Beit Midrash

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The Jewish Way is Not Noach’s Way


Rabbi Shaul Yisraeli zt"l

Tishrei 29 5780
The navi calls the mabul (Great Flood), "the waters of Noach." The Zohar explains that he was thereby blamed somewhat for not asking for Hashem’s mercy for the generation. The midrash (Yalkut Shimoni V’Zot Haberacha 951) tells the story of a disagreement attributed to Noach and Moshe. Noach said: I am greater than you, for I was saved from the generation of the mabul. Moshe responded: You saved yourself and did not have the strength to save your generation. But I was able to be responsible for: "Hashem regretted the bad plans that He said He would do to His nation." This is like the case of two ships in the sea – in one case, the captain saved himself, and in the other, the captain saved himself and the ship.

The righteous person in Judaism does not suffice with someone staying in his "comfort zone" and saving himself. Moshe said: "Moshe and a hundred like him can die, and let not one person from Israel be hurt in his fingernail" (Devarim Rabba Ki Tavo 10). Moshe knew his worth and importance to Bnei Yisrael and still was not concerned about his own safety, spiritual or physical, if he had the opportunity to help others.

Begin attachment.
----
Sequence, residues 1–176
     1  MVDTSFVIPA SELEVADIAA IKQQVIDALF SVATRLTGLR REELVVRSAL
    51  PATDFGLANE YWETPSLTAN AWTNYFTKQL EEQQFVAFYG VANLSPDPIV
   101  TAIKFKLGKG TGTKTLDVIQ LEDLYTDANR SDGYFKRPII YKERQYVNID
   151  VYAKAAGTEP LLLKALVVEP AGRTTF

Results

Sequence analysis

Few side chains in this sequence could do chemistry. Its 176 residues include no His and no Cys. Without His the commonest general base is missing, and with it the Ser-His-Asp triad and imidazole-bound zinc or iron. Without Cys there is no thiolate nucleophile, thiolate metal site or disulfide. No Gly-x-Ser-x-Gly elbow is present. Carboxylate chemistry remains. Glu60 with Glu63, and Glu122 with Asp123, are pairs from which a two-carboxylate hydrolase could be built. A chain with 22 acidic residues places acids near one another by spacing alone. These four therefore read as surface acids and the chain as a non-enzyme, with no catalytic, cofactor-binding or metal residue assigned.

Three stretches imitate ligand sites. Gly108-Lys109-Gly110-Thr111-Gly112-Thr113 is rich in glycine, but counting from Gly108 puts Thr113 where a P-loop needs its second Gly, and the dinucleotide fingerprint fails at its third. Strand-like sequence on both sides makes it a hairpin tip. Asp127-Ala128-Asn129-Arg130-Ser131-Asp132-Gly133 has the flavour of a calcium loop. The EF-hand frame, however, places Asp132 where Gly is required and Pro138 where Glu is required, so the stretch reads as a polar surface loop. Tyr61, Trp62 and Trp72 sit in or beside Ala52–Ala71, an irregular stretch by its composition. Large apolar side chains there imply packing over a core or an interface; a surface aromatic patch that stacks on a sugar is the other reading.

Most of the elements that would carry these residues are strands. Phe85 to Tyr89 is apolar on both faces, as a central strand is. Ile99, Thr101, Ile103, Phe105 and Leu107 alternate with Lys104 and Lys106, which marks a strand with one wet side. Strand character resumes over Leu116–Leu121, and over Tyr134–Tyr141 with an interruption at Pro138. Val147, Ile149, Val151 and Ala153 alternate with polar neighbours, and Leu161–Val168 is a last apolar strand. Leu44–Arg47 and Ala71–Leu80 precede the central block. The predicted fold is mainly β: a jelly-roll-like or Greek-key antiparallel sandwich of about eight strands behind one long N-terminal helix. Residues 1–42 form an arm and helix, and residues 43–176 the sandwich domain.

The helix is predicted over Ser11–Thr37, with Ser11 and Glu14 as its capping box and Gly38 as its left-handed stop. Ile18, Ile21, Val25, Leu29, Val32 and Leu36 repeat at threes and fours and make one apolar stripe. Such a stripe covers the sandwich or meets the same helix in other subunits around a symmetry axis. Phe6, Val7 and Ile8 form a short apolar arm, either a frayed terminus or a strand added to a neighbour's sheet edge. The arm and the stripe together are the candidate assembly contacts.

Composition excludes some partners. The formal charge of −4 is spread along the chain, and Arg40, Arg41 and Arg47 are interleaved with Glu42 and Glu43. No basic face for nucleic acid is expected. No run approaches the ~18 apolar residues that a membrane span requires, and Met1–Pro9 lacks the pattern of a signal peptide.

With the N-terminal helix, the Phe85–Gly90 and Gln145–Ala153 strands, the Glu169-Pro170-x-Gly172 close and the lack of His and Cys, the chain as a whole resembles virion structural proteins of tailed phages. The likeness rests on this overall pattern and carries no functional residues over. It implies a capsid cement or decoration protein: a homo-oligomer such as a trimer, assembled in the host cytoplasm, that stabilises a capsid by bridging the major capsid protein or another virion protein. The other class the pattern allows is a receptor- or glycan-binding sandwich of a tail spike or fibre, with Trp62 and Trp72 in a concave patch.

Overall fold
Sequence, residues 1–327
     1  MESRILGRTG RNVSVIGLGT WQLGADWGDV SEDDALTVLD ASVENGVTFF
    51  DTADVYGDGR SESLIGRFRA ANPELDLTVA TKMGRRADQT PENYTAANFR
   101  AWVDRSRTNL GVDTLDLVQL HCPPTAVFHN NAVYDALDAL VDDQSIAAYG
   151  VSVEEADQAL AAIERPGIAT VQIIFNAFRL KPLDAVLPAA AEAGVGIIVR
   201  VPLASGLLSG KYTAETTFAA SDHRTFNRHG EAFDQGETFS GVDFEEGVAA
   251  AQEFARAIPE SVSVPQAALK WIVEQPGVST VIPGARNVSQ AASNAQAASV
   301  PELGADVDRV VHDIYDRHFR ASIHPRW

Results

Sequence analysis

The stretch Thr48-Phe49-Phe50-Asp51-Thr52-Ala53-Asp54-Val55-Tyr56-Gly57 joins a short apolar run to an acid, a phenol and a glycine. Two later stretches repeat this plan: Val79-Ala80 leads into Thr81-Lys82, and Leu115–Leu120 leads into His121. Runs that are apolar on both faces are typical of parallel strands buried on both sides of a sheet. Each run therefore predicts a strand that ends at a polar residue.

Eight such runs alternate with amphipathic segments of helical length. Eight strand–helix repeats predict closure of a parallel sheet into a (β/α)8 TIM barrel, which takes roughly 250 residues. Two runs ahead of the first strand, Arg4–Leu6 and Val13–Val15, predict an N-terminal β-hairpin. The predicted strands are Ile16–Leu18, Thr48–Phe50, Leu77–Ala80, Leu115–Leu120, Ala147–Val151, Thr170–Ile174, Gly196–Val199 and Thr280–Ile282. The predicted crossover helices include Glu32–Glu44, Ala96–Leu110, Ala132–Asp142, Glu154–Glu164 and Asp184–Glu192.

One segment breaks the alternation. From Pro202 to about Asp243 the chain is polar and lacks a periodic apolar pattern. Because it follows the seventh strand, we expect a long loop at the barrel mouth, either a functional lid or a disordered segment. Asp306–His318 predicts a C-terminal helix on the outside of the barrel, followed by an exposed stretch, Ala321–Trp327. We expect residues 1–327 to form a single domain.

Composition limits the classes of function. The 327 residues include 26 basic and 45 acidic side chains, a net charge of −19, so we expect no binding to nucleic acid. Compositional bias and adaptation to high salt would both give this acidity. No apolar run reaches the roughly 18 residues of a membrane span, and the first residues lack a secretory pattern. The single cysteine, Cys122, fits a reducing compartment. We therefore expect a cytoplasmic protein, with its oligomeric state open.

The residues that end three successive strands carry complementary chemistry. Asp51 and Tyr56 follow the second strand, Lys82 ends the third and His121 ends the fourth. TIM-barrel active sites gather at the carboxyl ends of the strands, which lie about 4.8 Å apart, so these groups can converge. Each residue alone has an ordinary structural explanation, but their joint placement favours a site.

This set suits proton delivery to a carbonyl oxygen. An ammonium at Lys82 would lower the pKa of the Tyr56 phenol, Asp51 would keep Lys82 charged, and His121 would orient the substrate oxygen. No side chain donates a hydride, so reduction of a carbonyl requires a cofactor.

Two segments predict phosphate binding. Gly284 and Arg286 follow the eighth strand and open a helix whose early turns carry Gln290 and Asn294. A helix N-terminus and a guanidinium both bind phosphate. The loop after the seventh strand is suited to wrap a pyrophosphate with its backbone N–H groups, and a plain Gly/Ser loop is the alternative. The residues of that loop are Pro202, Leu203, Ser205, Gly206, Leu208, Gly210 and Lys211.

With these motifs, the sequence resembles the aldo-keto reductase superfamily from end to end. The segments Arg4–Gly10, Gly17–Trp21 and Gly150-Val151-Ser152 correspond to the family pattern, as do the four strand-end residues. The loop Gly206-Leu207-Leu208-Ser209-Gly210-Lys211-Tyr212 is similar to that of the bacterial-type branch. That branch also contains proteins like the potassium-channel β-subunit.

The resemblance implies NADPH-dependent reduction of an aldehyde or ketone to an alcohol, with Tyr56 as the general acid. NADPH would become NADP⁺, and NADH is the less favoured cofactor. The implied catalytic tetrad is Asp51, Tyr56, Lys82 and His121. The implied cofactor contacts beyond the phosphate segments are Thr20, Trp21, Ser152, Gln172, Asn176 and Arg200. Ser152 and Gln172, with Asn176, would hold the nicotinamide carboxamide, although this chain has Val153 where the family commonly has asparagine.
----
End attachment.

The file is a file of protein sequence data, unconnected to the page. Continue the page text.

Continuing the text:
There was a horrible occurrence recently that shakes one who hears about it. In one of the agricultural communities in the Sharon region, a sefer Torah was brazenly defiled. It makes us think: how is it possible for a Jew to stoop so low? On second thought, it makes one think if we are not also to blame. Maybe we also do not respect a sefer Torah sufficiently, which is what allows someone else to take the matter so far as to do what this person did.

Life is made up of introduction after introduction. Even Simchat Torah, with all of its varieties of excitement, is a preparation for the days of action – the days of learning in yeshiva, with the hope of elevating ourselves. "They shall draw water in happiness" (Yeshayahu 12:3). We should not be satisfied with what we have. Rather, we should always strive for further elevation. If one does not go up, he goes down, and, in fact, even remaining stationary is a fall, considering one’s potential.

We are standing before the "days of actions" of your second year in yeshiva. You achieved a lot in your first year, but you can achieve even more in this second year. After all, you have grown and have more of a basis of knowledge. You are no longer those youngsters who had trouble with the gemara’s text. There are greater demands, because there is greater responsibility.

An individual who learns not only impacts himself, which is also something of great value, but rather the whole world benefits from him. The influence of those who learn Torah on their friends is great, and you have responsibility to provide that influence.

There is Torah, and there is the approach to Torah. Greater is one who serves a Torah scholar than one who learns Torah (Berachot 7b) [because he can learn from the scholar’s actions]. Therefore everyone has to be careful about his behavior toward others and strengthen the social fabric of the yeshiva. Help, encourage each other, etc. This is your task now.
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